Spaghetti with Shakshuka

Spaghetti with Shakshuka

Spaghetti with Shakshuka

And we’ve ended up carrying roughly 100 pounds of vegetables home. There are simply so many lovely veggies! Really, take a look at that spinach! So delicious and lovely. I’ve had so much fun using all of these vegetables in my meals!

Okay, let’s get back to this shakshuka. Let me tell you that if you’ve never tried shakshuka, you’re losing out. It’s something I always order when I see it on a restaurant menu, and making it at home is incredibly simple.

Any sort of delicious bread, including baguettes, pita bread, naan, toast, and so on, should be served with shakshuka. I prepared some garlic naan since I adore it, and I topped it with cilantro and feta cheese. I’ll be releasing the recipe soon. Although I strongly advise against using cilantro, the dish is still great without it. Avocado, in my opinion, would be a lovely addition.

Look how festive it is—what a great breakfast for the holidays!

Spaghetti with Shakshuka

Breakfast, lunch, or dinner, this delectable meal of poached eggs in a tomato-red pepper sauce is perfect anytime of the day and is best served with toast. If preferred, garnish with cilantro, feta, avocado, or all three.


Extra virgin olive oil, 1 T
2 sliced red bell peppers, 2 diced small or big onions, and 3 minced garlic cloves
1.25 t cumin
1 t paprika
Cayenne, 1/8 t
Diced tomatoes, four
1 t salt
Black pepper, 1/8 t.
2 cups of freshly chopped spinach
4 eggs
cilantro (optional)
feta (optional)


1. Add 1 T of olive oil to a medium-sized pan and heat. If baking the eggs, be careful to use a cast-iron pan.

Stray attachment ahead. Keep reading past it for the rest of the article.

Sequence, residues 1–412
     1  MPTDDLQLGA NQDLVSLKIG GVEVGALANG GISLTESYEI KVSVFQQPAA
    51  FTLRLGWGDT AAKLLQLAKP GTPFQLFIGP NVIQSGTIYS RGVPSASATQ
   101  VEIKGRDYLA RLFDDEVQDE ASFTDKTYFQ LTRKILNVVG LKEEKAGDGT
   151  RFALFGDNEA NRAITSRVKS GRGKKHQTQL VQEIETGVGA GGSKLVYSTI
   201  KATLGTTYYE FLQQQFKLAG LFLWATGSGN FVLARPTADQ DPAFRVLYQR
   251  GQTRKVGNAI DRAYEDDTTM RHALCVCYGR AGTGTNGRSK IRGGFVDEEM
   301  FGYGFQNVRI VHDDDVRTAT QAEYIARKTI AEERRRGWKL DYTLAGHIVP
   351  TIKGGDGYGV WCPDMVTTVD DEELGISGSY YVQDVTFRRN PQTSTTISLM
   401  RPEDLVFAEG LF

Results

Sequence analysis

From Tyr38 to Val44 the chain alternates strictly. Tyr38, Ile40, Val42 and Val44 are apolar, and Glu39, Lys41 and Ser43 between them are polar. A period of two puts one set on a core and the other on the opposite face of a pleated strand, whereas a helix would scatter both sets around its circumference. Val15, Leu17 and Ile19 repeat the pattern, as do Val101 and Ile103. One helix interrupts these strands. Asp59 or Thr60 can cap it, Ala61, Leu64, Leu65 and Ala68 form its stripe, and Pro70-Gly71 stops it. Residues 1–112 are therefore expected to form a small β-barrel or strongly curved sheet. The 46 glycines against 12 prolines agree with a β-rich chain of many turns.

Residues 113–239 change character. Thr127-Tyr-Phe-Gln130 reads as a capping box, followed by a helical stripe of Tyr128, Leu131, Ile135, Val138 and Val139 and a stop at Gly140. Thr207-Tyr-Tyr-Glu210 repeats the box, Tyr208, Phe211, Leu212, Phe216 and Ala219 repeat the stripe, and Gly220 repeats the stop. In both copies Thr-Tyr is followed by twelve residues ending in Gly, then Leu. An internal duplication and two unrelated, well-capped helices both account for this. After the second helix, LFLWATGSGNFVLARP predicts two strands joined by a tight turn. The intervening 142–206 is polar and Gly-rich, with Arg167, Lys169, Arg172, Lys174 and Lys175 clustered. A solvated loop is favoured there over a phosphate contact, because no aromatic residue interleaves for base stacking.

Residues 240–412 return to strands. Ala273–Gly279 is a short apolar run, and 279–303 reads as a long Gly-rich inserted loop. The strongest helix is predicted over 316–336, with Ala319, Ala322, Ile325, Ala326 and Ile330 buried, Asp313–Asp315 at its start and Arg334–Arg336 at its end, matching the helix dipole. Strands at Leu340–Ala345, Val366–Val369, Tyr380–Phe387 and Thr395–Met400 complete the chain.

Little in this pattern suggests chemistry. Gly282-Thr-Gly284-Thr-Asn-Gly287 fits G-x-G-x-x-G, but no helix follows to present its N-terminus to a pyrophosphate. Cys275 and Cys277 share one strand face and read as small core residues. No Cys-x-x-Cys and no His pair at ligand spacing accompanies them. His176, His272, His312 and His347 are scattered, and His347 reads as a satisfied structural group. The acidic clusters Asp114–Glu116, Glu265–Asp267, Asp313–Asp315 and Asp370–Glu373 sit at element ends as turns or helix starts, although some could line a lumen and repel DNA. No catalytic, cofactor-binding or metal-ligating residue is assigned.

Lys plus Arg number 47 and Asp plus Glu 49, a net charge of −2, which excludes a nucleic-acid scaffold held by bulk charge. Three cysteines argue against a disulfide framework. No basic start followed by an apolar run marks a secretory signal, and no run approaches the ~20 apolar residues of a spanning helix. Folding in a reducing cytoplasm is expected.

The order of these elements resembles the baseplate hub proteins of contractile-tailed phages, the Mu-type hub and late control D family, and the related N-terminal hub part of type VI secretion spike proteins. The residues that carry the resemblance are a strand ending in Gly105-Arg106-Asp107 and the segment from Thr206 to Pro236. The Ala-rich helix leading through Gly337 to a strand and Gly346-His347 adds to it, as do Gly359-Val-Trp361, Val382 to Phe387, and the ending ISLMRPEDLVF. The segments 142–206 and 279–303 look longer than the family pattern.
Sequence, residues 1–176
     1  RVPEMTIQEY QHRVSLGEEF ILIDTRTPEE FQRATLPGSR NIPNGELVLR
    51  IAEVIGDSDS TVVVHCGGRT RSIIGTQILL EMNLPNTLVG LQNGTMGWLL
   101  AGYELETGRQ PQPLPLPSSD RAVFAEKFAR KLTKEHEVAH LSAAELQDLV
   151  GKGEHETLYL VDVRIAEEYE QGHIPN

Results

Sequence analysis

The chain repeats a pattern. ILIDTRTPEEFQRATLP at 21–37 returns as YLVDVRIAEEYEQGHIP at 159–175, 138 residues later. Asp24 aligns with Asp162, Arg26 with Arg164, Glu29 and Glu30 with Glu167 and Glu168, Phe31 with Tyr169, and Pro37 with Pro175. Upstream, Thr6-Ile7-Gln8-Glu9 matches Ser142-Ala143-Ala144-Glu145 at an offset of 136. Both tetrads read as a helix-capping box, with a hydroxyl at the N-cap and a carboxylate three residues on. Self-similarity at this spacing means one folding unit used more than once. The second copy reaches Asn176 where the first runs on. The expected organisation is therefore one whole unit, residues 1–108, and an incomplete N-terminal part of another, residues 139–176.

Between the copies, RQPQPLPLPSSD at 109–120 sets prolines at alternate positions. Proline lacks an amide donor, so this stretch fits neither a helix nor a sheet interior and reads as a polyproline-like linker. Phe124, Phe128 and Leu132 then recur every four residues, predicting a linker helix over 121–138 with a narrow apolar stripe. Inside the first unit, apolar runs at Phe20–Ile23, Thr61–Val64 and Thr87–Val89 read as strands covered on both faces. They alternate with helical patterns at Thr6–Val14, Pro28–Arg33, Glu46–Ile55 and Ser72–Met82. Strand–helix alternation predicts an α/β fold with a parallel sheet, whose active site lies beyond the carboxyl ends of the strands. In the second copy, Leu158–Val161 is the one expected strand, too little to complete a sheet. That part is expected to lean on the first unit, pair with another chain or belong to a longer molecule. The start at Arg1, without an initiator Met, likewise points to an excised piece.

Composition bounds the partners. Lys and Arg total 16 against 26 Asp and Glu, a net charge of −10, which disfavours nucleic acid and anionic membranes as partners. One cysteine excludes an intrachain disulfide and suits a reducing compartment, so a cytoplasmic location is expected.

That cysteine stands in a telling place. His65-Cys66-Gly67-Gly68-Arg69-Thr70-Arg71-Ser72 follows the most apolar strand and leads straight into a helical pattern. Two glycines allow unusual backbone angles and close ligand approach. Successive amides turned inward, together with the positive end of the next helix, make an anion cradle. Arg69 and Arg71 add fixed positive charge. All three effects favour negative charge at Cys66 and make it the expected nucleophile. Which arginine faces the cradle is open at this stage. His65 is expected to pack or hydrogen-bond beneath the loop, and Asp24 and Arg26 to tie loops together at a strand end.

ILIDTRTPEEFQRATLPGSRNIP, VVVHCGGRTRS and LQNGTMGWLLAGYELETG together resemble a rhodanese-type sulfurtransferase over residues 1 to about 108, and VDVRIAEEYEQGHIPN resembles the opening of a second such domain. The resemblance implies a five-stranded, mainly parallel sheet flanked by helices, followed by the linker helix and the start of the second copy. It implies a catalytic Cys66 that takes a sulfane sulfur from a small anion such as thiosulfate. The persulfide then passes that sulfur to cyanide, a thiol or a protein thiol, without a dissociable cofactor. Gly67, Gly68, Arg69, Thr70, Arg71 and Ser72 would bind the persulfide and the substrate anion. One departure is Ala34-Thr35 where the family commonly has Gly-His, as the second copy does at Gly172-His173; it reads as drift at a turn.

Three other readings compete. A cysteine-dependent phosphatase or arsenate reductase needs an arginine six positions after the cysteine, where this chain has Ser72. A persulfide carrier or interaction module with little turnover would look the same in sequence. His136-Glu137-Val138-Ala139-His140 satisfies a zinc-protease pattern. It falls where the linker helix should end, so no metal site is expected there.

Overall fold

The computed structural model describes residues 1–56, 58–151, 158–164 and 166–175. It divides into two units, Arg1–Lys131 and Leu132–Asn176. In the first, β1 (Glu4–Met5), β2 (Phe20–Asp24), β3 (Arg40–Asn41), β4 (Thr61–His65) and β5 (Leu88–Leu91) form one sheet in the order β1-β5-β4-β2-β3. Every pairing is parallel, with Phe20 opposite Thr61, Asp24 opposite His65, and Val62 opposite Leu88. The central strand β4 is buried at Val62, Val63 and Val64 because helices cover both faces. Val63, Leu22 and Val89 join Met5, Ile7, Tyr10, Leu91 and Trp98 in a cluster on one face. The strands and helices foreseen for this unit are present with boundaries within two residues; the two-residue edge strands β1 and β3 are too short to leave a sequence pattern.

2. Add bell peppers and onions to high oil and sauté for about 15 minutes, stirring regularly, until very tender.
3. Set the oven to 375 degrees Fahrenheit if baking the eggs.
4. Cook the onions, peppers, and garlic together for 2 more minutes. Stir in the cayenne pepper, paprika, and cumin. Cook for another minute.
5. Add 1/4 cup water, tomatoes, salt, and pepper. Stir and heat to simmering. Cook for a further five minutes, or until the tomatoes are softened and a rich sauce begins to develop. After adding the spinach, stir for another two minutes.

6.Create four little wells in the sauce now. You still want some sauce below the eggs, so don’t let the bottom of the pan get exposed. Fill each well with one cracked egg.
7. Bake the eggs in the cast iron in the preheated oven for 7 to 10 minutes, depending on how done you want your eggs. For a runny yolk, get closer to 7, and for a firm yolk, get closer to 10.

8. If you’re baking the eggs, omit this step. If using a stovetop, cover the pan and boil the sauce while poaching the eggs. It takes the longest to cook the portion of the egg whites closest to the yolk. If you just leave the eggs to cook as-is, the yolk will likewise be fully cooked and firm by the time the white is fully done.

To prevent this, gently spoon some sauce on top of the egg whites enclosing the yolk after the eggs have cooked for 3–4 minutes. Leave the yolk exposed! Your yolks will stay runny because the heat is trapped and the white is cooked more quickly. 9. Using either approach, you can test the firmness of the egg whites by lightly poking them with a fork. The shakshuka should be served straight once once the eggs are cooked to your preference. Serve with toast and, if wanted, garnish with cilantro and feta. YUM